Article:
This 2018 ACLS guidelines focused update in- therapeutic dose of the first administered drug, and
cludes updates only to the recommendations for the limited data are available to direct such treatment. In
use of antiarrhythmics during and immediately after addition, the optimal bundle of care for shock-refractory
adult ventricular fibrillation (VF) and pulseless ven- VF/pVT has not been identified.
tricular tachycardia (pVT) cardiac arrest. All other rec-
ommendations and algorithms published in “Part 7:
Adult Advanced Cardiovascular Life Support” in the USE OF ANTIARRHYTHMIC DRUGS
2015 guidelines update6 and “Part 8: Adult Advanced DURING RESUSCITATION FROM ADULT
Cardiovascular Life Support” in the “2010 American VF/pVT CARDIAC ARREST
Heart Association Guidelines for Cardiopulmonary
Resuscitation and Emergency Cardiovascular Care”7 2018 Evidence Summary
remain the official ACLS recommendations of the Amiodarone
AHA ECC Science Subcommittee and writing groups. Intravenous amiodarone is available in 2 approved for-
In addition, the “2017 American Heart Association mulations in the United States. One formulation con-
Focused Update on Adult Basic Life Support and Car- tains the diluent polysorbate, which is a vasoactive sol-
diopulmonary Resuscitation Quality: An Update to the vent that can potentially cause hypotension. The other
American Heart Association Guidelines for Cardio- formulation contains captisol, which has no known va-
pulmonary Resuscitation and Emergency Cardiovas- soactive effects. In 2 out-of-hospital, blinded, random-
cular Care” contains updated AHA recommendations ized controlled trials in adults with shock-refractory
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for CPR delivered to adult patients in cardiac arrest.8 VF/pVT who received at least 3 shocks and epinephrine,
Through this systematic evaluation process, several is- paramedic administration of intravenous amiodarone
sues have been identified in related areas that may be improved survival to hospital admission. In 1 study, the
the subject of future systematic reviews. ARREST trial (Amiodarone in the Out-of-Hospital Re-
suscitation of Refractory Sustained Ventricular Tachyar-
rhythmias),9 amiodarone (300 mg) in polysorbate im-
BACKGROUND proved survival to hospital admission compared with a
polysorbate placebo. In another study, the ALIVE trial
Shock-refractory VF/pVT refers to VF or pVT that per- (Amiodarone Versus Lidocaine in Prehospital Ventricu-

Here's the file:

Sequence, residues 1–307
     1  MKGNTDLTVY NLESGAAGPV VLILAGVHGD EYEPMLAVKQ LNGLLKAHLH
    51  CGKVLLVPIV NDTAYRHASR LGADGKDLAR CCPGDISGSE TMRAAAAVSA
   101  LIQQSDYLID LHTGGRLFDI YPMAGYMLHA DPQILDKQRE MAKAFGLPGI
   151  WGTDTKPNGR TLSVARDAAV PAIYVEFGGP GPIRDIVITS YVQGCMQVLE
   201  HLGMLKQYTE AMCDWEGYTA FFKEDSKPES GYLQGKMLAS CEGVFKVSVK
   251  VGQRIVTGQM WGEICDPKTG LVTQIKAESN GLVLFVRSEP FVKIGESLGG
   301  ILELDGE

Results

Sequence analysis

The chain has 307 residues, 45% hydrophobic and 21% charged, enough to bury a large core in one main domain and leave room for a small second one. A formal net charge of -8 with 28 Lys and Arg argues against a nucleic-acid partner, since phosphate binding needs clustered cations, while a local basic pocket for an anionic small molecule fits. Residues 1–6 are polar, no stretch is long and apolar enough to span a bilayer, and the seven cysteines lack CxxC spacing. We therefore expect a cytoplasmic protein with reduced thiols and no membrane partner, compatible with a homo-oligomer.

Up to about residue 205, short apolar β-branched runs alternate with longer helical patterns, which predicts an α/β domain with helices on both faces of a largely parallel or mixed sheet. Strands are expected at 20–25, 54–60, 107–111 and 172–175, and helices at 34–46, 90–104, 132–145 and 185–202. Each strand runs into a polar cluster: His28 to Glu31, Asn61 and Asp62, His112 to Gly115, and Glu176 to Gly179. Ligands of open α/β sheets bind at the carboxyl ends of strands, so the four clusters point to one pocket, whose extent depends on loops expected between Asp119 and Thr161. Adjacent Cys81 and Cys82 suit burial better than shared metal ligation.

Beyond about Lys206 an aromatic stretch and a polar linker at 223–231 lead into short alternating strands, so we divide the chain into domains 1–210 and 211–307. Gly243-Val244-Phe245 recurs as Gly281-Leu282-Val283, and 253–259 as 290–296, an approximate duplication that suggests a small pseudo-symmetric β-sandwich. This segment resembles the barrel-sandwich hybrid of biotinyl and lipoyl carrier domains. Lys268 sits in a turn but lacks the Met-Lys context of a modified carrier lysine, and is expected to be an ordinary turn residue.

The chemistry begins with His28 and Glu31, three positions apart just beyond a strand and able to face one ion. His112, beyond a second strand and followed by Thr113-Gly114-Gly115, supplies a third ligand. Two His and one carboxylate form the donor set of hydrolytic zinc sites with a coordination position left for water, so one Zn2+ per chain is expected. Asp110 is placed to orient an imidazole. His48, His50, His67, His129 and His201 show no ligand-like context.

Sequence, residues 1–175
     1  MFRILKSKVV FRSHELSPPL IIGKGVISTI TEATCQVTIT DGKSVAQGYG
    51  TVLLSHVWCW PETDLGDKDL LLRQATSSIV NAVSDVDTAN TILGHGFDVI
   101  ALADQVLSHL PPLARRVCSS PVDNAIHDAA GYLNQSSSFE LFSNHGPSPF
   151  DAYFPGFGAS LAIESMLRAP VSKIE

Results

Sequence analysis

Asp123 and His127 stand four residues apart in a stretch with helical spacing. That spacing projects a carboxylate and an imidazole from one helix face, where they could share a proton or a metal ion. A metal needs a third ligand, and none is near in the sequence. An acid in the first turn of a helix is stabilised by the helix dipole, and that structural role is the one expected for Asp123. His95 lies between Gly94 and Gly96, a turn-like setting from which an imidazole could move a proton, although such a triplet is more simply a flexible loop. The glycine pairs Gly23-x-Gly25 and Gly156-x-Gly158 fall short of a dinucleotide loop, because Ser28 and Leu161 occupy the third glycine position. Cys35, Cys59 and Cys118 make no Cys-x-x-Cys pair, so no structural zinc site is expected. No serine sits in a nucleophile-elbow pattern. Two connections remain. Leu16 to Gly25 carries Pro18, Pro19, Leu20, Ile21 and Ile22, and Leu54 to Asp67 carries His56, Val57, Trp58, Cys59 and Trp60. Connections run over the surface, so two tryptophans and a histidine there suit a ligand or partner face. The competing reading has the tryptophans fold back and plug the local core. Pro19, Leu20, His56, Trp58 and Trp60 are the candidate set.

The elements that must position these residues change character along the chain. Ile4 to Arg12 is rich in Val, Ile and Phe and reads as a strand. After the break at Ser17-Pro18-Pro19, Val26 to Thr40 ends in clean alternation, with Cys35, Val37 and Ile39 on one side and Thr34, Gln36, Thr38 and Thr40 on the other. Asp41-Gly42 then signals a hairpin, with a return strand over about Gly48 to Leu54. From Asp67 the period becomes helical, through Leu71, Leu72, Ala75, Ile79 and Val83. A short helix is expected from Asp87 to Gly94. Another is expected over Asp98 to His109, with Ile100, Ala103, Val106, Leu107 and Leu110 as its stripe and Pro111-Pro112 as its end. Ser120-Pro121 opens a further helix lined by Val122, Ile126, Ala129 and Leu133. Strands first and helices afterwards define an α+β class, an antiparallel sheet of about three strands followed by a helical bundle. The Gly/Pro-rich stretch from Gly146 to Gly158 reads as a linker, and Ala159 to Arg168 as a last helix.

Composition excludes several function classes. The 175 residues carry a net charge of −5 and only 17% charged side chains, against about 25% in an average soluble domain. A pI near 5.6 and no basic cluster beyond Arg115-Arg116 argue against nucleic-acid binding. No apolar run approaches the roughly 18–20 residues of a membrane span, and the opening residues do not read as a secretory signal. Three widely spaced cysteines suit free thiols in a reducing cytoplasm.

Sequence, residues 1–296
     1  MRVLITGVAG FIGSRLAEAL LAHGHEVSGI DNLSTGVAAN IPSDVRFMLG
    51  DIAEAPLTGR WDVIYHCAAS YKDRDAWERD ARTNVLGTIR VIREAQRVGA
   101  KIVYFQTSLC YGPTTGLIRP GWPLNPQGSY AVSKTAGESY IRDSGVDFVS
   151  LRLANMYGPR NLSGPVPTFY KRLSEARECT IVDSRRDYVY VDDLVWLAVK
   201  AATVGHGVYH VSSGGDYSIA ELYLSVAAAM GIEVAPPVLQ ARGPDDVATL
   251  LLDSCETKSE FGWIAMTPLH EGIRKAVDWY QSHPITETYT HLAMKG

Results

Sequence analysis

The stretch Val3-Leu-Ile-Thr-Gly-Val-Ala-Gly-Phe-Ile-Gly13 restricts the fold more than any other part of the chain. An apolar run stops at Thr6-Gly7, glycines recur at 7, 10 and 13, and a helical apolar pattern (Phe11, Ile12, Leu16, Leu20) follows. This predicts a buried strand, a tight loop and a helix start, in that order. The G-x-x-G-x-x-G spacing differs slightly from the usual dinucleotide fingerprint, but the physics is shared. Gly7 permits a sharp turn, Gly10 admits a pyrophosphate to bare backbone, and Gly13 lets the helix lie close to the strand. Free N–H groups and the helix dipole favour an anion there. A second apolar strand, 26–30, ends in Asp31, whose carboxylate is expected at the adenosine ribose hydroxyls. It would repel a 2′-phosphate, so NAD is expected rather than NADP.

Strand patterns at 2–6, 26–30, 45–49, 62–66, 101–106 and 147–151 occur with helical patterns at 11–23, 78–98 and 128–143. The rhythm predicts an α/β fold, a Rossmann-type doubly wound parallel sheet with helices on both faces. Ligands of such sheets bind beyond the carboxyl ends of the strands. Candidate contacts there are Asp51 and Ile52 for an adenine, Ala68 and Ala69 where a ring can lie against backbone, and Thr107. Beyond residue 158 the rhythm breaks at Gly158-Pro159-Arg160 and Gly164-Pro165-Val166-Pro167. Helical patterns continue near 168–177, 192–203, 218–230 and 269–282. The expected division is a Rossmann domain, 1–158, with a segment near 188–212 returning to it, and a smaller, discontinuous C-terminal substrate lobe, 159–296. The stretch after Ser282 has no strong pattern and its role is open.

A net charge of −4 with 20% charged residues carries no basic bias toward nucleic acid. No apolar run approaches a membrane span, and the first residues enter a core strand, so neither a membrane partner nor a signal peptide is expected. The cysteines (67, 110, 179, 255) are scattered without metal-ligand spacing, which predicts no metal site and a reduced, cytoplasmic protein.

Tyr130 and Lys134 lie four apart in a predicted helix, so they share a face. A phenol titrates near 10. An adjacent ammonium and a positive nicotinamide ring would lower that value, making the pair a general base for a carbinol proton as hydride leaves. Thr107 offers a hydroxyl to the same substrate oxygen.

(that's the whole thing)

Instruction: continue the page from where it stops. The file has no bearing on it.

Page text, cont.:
sists or recurs after ≥1 shocks. An antiarrhythmic drug lar Fibrillation Evaluation),10 5 mg/kg amiodarone in
alone is unlikely to pharmacologically convert VF/pVT polysorbate improved survival to hospital admission
to an organized perfusing rhythm. Rather, the primary compared with 1.5 mg/kg lidocaine with polysorbate.
objective of antiarrhythmic drug therapy in shock- Survival to hospital discharge and survival with favor-
refractory VF/pVT is to facilitate successful defibrilla- able neurological outcome were not improved by amio-
tion and to reduce the risk of recurrent arrhythmias. darone, but neither study was powered for those out-
In concert with shock delivery, antiarrhythmics can comes.
facilitate the restoration and maintenance of a spon- In ROC-ALPS (Resuscitation Outcomes Consortium–
taneous perfusing rhythm. Some antiarrhythmic drugs Amiodarone, Lidocaine or Placebo Study), a large out-
have been associated with increased rates of return of-hospital randomized controlled trial that compared
of spontaneous circulation (ROSC) and hospital ad- captisol-based amiodarone with lidocaine or placebo
mission, but none have yet been demonstrated to for patients with VF/pVT refractory after at least 1 shock,
increase long-term survival or survival with good neu- there was no overall statistically significant difference
rological outcome. Thus, establishing vascular access in survival with good neurological outcome or survival
to enable drug administration should not compromise to hospital discharge.11 In this study, ROSC was higher
the performance of CPR or timely defibrillation, both in patients receiving lidocaine compared with those re-
of which are associated with improved survival after ceiving placebo but not for those receiving amiodarone
cardiac arrest. The optimal sequence of ACLS inter- compared with patients receiving placebo. Survival to
ventions, including administration of antiarrhythmic hospital admission was higher in patients receiving ei-

Circulation. 2018;138:e740–e749. DOI: 10.1161/CIR.0000000000000613 December 4, 2018 e741


Panchal et al 2018 Focused Update on ACLS

Table.  ACC/AHA Recommendation System: Applying Class of Recommendation and Level of Evidence to Clinical Strategies, Interventions,